A motion questioning the court's jurisdiction over the parties may properly be heard on affidavits. Jeffrey-Nichols Motor Co. v. Hupp Motor Car Corporation, D.C.Mass., 1930, 41 F.2d 767, reversed on other grounds 1 Cir., 1931, 46 F.2d 623; Lawlor v. National Screen Service Corporation, D.C.Pa. 1950, 10 F.R.D. 123; United States v. Universal Lens, D.C.N.Y., 37 F. Supp. 459.

The venue of an action of this kind is governed by Section 12 of the Clayton Act, 15 U.S.C.A. § 22, which provides that "Any suit, action, or proceeding under the antitrust laws against a corporation may be brought not only in the judicial district whereof it is an inhabitant, but also in any district wherein it may be found or transacts business; and all process in such cases may be served in the district of which it is an inhabitant, or wherever it may be found." The burden of proof of jurisdiction and venue is upon the plaintiffs. Becker v. Angle, 10 Cir., 1947, 165 F.2d 140. The issue presented is whether Panda Corporation "transacts business" and was "found" within the Northern District of Illinois under Section 12.

Panda Corporation was served with summons on June 20, 1950 by serving same on August C. Orthmann, President, at Milwaukee, Wisconsin. In support of the aforesaid motion, movant has submitted the affidavits of the President and Vice-President. The president avers as follows:

"Defendant's business is conducted from its principal place of business in Milwaukee, Wisconsin, where it receives orders from customers in Wisconsin and other states. Among the states from which purchasers have sent orders are Arizona, Illinois, Indiana, Iowa, Kansas, Kentucky, Michigan, Minnesota, Missouri, Montana, Nebraska, New Jersey, New Mexico, North Carolina, North Dakota, Ohio, Oregon, Pennsylvania, South Dakota, Tennessee, Texas, Washington and Wisconsin.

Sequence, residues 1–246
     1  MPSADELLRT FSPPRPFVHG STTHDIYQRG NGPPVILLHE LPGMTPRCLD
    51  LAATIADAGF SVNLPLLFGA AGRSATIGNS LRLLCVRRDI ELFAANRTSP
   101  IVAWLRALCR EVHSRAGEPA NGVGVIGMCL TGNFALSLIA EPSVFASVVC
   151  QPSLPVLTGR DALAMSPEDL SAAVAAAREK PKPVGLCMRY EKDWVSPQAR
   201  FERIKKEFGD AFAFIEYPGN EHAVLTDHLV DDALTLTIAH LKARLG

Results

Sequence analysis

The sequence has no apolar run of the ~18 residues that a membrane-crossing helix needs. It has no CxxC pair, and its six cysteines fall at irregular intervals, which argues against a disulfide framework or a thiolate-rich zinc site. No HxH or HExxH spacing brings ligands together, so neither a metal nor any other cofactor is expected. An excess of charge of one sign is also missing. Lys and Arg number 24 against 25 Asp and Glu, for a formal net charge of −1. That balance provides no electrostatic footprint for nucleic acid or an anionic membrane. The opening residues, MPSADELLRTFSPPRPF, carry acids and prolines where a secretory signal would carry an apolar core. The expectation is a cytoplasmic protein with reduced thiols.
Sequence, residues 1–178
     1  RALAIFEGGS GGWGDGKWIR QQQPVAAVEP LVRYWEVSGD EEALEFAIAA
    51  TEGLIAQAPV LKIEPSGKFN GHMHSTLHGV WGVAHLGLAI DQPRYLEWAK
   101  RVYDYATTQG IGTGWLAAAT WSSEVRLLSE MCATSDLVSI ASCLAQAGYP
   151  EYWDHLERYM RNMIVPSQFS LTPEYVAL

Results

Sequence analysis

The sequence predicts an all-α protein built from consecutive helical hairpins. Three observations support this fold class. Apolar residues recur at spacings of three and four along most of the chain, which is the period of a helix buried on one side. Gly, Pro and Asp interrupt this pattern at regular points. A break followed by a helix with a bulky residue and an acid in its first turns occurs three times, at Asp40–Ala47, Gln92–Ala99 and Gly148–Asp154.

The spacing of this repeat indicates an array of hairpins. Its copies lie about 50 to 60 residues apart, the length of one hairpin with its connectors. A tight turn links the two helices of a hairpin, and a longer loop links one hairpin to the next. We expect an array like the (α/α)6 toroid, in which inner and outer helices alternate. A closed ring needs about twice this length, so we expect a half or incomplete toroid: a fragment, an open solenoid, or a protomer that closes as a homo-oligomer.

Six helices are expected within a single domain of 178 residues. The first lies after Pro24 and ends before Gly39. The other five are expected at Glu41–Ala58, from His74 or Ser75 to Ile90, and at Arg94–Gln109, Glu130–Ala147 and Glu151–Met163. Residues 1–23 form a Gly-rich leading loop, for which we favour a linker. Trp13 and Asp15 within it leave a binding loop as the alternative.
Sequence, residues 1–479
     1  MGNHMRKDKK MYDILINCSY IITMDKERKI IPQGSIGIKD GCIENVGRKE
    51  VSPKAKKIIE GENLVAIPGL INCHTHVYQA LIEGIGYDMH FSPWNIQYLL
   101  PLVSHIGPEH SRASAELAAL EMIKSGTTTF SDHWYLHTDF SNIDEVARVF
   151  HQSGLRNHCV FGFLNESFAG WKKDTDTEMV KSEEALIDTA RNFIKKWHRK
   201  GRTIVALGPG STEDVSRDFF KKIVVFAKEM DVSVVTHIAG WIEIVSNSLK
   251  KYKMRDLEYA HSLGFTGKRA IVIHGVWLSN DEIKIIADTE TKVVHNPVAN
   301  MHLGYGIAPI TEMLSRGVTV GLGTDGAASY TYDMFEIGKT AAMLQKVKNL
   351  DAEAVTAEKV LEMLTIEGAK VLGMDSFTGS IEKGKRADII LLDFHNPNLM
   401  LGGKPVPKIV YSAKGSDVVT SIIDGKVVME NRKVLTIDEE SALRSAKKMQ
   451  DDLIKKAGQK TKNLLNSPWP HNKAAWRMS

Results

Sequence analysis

Orders have also been received from customers in Canada. All orders are received in Wisconsin, accepted in Wisconsin and filled in Wisconsin. Title to the goods passes in Wisconsin. Panda Corporation retains no legal title to goods sent by it to its customers, either those in Wisconsin or in other states. Panda Corporation does not now and did not, at the time of the filing of the complaint in this case, or at any time thereafter, employ agents, distributors or salesmen to solicit or conduct business in the Northern District of Illinois. Defendant is not qualified to do business in Illinois and has no office, place of business, telephone listing, or property there. It maintains no stock of goods in Illinois nor does it own or lease a warehouse in which to store merchandise there. None of its officers or directors reside in Illinois."

The Vice President, A.L. Cords, avers:

Defendant Panda Corporation does not now and has never had in its employ a representative named Olsen or Olson, as alleged in the affidavit of Norman P. Shaffer. It is believed that Mr. Shaffer refers to one Gilbert Olsen who was at one time employed by The Orthmann Laboratories, Inc., a corporation separate and distinct from defendant Panda Corporation and not a party to this suit. Said Olsen was not employed by The Orthmann Laboratories, Inc., subsequent to 1945 and he was never associated with defendant Panda Corporation.

Since the incorporation of Panda Corporation as aforesaid, affiant has on only one occasion called upon Norman P. Shaffer. This call was in response to the request of Shaffer in May of 1949 to see Aug. C. Orthmann. At that time Mr. Orthmann, President of the Panda Corporation, was ill and this affiant called upon Mr. Shaffer in response to the aforementioned request. At no time in the course of this conversation nor at any other time did this affiant solicit business or accept orders from Mr. Shaffer or anyone else in the State of Illinois. Neither this affiant, said Aug. C. Orthmann, nor any other ...